Jason Stern/ CPJ Middle East and North Africa Research Associate
Jason Stern is a senior research associate for CPJ’s Middle East and North Africa program. He has a master’s in Middle East Studies from George Washington University and a bachelor’s in government from Cornell University.
The militarization of the press in Syria
Ahmed Abu al-Hamza, “Software” as he was known by his friends, stood behind the camera on November 6 as a gunman explained how rebel forces took Tel Sukayk, a strategic hilltop north of Hama, from government forces. Suddenly the camera’s sound recorder picked up the faint thud of a mortar shell firing in the distance.…
Yemeni journalists: ‘Our mouths are gagged’
In March 2014, Sana’a University media student Hisham al-Yousifi stood next to Dar al-Hajar, a royal palace built on the precipice of a rock formation just outside the capital, and announced to the video camera, “Here, there are a lot of tourists!” But there were no tourists, just his friends barely failing to hold back…
In censored Saudi Arabia, Raif Badawi filled a journalistic void
On the third anniversary of the arrest of liberal activist and writer Raif Badawi in Saudi Arabia, his supporters all over the world are working hard to prevent what may lay ahead: the completion of a 10-year, thousand-lash sentence. To be effective in changing Badawi’s future, it is important to take inspiration from his past,…
Glitz of Formula One must not divert attention from Bahrain’s jailed journalists
When the Bahrain International Circuit (BIC) hosted Formula One for the first time in 2004, it was nearly a false start for the $150 million facility. Drivers told the BBC they feared desert sand would damage their racecars. So track employees began a perpetual fight against nature, even spraying glue over the surrounding desert in…
How many more? CPJ remembers journalists killed covering Syria
On March 15 the fourth anniversary of the start of the Syrian uprising will be marked. No one knew in the early days of unrest how events would escalate, let alone how the entire region and the journalists covering it would be so deeply impacted.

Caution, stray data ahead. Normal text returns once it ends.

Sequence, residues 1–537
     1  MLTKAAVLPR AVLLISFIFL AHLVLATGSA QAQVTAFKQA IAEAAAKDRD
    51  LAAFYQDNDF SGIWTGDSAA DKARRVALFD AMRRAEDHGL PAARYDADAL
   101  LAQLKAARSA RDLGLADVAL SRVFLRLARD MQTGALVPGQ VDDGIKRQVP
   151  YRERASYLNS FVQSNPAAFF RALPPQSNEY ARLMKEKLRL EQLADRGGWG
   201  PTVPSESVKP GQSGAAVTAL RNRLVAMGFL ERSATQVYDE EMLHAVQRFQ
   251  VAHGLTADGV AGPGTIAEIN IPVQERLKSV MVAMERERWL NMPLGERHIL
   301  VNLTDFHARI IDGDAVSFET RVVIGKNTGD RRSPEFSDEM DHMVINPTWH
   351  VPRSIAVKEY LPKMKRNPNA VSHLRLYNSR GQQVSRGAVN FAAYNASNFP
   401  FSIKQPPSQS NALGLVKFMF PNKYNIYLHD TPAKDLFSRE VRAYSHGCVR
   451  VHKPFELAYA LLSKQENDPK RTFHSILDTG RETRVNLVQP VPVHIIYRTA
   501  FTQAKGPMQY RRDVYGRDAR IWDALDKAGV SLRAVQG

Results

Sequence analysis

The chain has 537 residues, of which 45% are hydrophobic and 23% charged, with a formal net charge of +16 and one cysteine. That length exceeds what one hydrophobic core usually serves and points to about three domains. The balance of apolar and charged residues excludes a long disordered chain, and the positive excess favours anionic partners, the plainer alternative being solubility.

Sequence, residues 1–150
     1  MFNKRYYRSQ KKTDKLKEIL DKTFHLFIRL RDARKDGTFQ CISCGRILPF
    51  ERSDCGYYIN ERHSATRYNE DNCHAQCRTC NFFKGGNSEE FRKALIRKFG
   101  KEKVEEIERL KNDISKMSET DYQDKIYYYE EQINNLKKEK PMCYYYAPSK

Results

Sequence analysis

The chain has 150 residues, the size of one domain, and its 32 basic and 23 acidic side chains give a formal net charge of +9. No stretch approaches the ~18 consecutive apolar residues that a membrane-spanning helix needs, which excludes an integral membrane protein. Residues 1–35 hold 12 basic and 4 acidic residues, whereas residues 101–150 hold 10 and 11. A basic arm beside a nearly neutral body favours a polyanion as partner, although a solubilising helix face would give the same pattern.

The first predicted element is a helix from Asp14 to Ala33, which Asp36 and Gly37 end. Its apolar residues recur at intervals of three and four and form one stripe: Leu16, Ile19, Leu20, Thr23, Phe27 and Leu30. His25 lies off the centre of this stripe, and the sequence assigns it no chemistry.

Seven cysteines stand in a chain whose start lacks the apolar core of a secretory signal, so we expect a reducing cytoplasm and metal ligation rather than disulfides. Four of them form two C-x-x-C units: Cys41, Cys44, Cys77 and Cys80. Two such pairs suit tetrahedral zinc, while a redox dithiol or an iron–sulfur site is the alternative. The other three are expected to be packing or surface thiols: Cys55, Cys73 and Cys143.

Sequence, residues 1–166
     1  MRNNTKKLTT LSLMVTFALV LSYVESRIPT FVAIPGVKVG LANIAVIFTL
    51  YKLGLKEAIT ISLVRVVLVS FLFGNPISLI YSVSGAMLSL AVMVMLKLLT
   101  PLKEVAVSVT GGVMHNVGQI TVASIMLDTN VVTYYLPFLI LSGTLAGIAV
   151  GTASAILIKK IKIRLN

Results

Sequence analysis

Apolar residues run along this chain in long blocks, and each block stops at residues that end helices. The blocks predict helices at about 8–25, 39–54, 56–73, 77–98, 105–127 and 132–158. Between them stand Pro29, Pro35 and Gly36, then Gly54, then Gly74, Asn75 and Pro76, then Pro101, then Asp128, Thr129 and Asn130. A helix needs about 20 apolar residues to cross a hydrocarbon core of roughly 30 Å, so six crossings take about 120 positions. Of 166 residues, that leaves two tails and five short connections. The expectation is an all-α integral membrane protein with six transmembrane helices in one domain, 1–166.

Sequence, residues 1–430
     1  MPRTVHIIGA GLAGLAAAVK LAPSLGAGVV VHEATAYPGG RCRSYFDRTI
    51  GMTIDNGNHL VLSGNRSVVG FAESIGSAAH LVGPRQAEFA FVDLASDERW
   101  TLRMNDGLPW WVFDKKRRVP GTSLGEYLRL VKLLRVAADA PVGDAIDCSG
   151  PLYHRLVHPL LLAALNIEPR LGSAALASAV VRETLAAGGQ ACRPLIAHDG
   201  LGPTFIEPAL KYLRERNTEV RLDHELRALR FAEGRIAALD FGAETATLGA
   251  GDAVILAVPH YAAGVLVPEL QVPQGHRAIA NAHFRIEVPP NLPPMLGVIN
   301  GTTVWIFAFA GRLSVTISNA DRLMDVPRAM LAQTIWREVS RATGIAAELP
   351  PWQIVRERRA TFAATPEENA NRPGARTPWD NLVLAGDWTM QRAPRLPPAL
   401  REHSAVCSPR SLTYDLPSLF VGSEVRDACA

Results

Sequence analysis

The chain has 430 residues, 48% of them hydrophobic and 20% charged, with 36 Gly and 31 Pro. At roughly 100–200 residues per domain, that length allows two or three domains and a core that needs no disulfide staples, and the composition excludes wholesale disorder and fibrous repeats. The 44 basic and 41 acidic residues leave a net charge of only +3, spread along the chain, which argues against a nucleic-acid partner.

CPJ joins call for Syria to release three press freedom defenders from jail
Three years ago Syrian Air Force Intelligence agents raided the office of the Syrian Center for Media and Freedom of Expression in Damascus, arresting all who were present. While some of those arrested were later released, Mazen Darwish, Hani al-Zitani, and Hussein Ghrer have been imprisoned ever since.
Family of journalist jailed in Syria await news, four years on
When Ibtisam Alnawaty last spoke to her husband, Moheeb Alnawaty, in January 2011, there was nothing to suggest that he feared for his safety. The Palestinian-Norwegian writer had traveled to Syria in December 2010 to translate his book, Hamas From The Inside, and had even suggested the family should move there from Norway, his wife…
In Syria, fewer journalist deaths but danger has never been greater
For the third year in a row, Syria ranks as the deadliest country in the world for the press, research by the Committee to Protect Journalists shows. At first glance, the research offers good news: less journalists were killed, imprisoned and kidnapped this year in Syria than in 2013. A deeper look at the numbers…
CPJ joins call for UN members to push for greater human rights in Iran
The Committee to Protect Journalists has joined 29 other organizations in calling on member states of the U.N. General Assembly to vote in favor of a resolution for the promotion and protection of human rights in Iran. The vote is scheduled to take place on November 18.
CPJ joins call to free Syrian Center for Media and Freedom of Expression staff
Today, CPJ joined 78 human rights and press freedom organizations in calling on the Syrian government to immediately and unconditionally release three imprisoned members of the Syrian Center for Media and Freedom of Expression. The center’s director, Mazen Darwish, has been imprisoned since 2012 along with his colleagues Hussein Ghrer and Hani al-Zitani.